In urban planner and architecture speak, you often hear of the term “contextual development” or “contextual design.” This means that any new development or re-development remains in the vein of the existing urban fabric. You might find substations and other infrastructure masquerading as townhouses for example. Or perhaps the prevailing building material, like brick or brownstone, would be applied in a new development. Contextual design doesn’t usually encourage a literal copy paste, which might result in monotony and lack of enough contrasting visual interest, especially in large developments.

3215 Clarendon Road Flatbush townhouse extension3215 Clarendon Road in Brooklyn

But, as pointed out by journalist Vincent Barone on Twitter recently, a townhouse extension in Flatbush, Brooklyn has taken this concept quite literally. We’ll call it a hyper-contextual extension. This building is located at 3215 Clarendon Road, on a row of three floor townhouses built in approximately 1910. Here, Brooklyn-based architect Asher Herhkowitz has extended the townhouse an additional two floors, replicating the barrel front and window layout in the vertical extension. The two new floors also have balconies. What makes this extension stick out so much, beyond the additional floors, is that the brick material and the detailing from the lower levels has not been applied on the extension.

3215 Clarendon Road Flatbush townhouse extension

The extension project appears to have been ridden with Department of Buildings violations — a total of ten, including one violation for failing to certify a class 1 violation for working after hours without a permit (which comes with a civil fine). The nine other violations, which took place over a six-month period in 2019 have to do with construction safety compliance Interestingly, there was intended to be an additional floor on the extension as per the permit filings and a Bing map aerial image shows an additional floor had been built and at some point, removed! (There are three amendments in Department of Buildings from 2019, but we did not find a demolition permit).

473 Park Place473 Park Place

Meanwhile, this is not the only example in Brooklyn. Nearby the Untapped New York office (and as also pointed out by a commenter on Barone’s Twitter post), a hyper-contextual extension at 473 Park Place in Prospect Heights was applied to a walkup building — extending it two floors (photo below). “For some reason this one is more palatable,” tweets another. This is likely because more attention to detail has been paid to the extension here, with a similar brick chosen for the facade, consistent fire escape design, and replication of the keystone arches above the windows in the form seen on the second floor.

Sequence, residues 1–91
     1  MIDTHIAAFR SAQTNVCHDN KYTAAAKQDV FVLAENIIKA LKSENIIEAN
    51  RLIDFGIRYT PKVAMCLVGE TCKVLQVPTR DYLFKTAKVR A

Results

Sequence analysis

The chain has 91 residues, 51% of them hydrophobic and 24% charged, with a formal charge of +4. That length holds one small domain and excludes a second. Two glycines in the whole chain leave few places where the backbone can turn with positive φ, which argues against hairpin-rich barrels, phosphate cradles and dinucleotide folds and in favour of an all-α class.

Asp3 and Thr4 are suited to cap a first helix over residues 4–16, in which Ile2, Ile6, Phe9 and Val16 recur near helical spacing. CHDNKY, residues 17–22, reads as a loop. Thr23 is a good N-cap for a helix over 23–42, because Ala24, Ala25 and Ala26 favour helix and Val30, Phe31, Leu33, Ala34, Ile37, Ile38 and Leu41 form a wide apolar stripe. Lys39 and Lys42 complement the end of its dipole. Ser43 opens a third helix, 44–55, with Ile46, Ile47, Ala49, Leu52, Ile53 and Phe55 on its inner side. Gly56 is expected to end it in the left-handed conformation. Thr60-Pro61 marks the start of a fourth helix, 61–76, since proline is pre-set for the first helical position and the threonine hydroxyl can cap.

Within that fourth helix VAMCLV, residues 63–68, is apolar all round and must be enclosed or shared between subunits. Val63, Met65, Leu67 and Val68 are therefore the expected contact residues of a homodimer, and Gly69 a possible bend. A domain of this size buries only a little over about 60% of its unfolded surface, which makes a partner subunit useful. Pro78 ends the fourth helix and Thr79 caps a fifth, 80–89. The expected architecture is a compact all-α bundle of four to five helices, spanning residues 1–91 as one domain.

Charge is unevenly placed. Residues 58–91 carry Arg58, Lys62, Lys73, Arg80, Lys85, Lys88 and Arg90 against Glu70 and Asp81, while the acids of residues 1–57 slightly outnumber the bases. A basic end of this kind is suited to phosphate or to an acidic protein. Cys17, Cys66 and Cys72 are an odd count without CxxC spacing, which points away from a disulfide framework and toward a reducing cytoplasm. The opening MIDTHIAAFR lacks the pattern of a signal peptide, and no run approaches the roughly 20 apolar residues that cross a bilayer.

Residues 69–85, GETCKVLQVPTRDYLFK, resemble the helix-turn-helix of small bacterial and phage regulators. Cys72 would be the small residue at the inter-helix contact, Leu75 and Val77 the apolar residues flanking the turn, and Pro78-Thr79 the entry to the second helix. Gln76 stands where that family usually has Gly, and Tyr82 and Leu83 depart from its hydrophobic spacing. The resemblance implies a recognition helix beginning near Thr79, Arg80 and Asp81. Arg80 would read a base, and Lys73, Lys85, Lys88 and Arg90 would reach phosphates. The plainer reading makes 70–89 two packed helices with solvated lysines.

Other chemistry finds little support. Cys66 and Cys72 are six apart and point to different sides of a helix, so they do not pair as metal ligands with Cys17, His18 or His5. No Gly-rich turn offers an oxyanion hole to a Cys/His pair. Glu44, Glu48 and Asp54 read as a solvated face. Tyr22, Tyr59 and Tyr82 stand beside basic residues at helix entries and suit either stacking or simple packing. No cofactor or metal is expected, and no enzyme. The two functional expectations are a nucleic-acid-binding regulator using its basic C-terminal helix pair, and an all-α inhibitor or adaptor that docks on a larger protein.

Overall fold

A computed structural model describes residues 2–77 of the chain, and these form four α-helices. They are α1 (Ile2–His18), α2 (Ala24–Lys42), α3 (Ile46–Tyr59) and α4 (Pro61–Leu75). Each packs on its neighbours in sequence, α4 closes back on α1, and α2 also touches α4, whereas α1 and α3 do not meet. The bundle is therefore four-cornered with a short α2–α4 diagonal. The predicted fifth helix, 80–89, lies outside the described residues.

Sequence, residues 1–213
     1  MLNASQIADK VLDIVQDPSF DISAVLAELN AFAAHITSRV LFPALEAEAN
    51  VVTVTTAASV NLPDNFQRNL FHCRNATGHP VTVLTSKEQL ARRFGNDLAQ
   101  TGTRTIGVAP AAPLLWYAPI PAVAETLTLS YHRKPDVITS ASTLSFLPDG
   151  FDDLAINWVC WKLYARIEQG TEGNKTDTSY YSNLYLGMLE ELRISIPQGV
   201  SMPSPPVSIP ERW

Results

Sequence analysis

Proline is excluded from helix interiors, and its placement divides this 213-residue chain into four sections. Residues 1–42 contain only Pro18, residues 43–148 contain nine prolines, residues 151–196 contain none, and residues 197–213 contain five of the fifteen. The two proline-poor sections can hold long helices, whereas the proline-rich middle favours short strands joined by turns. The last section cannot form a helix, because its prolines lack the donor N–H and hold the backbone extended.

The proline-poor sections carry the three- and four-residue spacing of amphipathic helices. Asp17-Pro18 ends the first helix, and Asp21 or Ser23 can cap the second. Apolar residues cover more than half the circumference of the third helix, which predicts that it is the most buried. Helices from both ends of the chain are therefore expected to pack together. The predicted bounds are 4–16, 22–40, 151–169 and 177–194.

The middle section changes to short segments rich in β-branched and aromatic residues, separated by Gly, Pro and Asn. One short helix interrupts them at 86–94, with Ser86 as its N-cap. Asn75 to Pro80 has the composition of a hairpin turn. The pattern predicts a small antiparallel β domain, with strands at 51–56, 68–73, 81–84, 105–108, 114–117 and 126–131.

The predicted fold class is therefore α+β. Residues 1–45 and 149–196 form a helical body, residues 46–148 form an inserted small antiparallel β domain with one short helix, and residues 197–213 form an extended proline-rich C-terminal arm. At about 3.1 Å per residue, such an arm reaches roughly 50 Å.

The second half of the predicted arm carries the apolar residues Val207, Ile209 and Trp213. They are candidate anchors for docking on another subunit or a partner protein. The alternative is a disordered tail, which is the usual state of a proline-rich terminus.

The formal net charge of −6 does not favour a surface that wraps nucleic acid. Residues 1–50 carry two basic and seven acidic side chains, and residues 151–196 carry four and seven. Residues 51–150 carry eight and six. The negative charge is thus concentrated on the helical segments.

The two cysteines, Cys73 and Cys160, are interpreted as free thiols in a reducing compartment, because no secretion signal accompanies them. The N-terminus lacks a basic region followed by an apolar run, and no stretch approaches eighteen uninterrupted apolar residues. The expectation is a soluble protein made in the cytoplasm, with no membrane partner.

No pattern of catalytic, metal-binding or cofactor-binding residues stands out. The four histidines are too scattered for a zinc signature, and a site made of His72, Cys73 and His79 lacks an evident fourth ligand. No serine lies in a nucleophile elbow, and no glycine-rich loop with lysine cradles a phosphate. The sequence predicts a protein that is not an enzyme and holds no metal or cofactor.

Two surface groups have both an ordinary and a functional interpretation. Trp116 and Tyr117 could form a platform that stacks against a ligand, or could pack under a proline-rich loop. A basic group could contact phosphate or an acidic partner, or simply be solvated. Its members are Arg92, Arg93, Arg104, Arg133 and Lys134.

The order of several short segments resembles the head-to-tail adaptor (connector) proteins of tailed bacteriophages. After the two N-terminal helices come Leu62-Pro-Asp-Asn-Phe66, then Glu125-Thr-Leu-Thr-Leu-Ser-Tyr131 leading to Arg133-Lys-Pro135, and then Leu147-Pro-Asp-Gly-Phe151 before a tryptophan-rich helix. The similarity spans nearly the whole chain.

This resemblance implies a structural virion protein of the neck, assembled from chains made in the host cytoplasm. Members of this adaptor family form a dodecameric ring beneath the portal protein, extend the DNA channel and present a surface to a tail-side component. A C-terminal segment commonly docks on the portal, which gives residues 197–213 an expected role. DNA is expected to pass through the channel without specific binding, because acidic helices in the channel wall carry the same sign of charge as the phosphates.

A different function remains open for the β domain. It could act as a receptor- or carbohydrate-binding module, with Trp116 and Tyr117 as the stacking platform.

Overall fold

On the conceptual side, you may recall the fantasy proposal to extend the Guggenheim upwards by simply extending upwards its concentric circular ramp floors. The architect behind the conceptual idea, founder Ioannis Oikonomou of Oiio Architecture Office which is based in New York City and Athens, Greece, makes clear the proposal it is pure conjecture.

Guggenheim extensionConceptual idea by Ioannis Oikonomou, oiio architecture studio  

But often, architects choose to create a contrasting extension. The extension of the Porter House in the Meatpacking District by SHoP Architects is one example, or the ongoing redevelopment of the former Tammany Hall in Union Square.

Tammany Hall extension Union SquareFormer Tammany Hall extension

In historic districts, both contextual approaches and the exact opposite have been seen, as well as something in between. After the explosion of the Weather Underground townhouse in Greenwich Village, a contrasting structure was built with an angled facade to leave a mark of what happened there but retaining the brick materials, cornice and overall volume and markers of a Greek Revival-style townhouse.

Weather Underground explosion townhouse at 18 West 11th Street

Have you seen more of these hyper-contextual extensions in New York City, or other places? Share them with us on Twitter!

Next, check out the fake townhouses in New York City, London and Paris and what they’re hiding!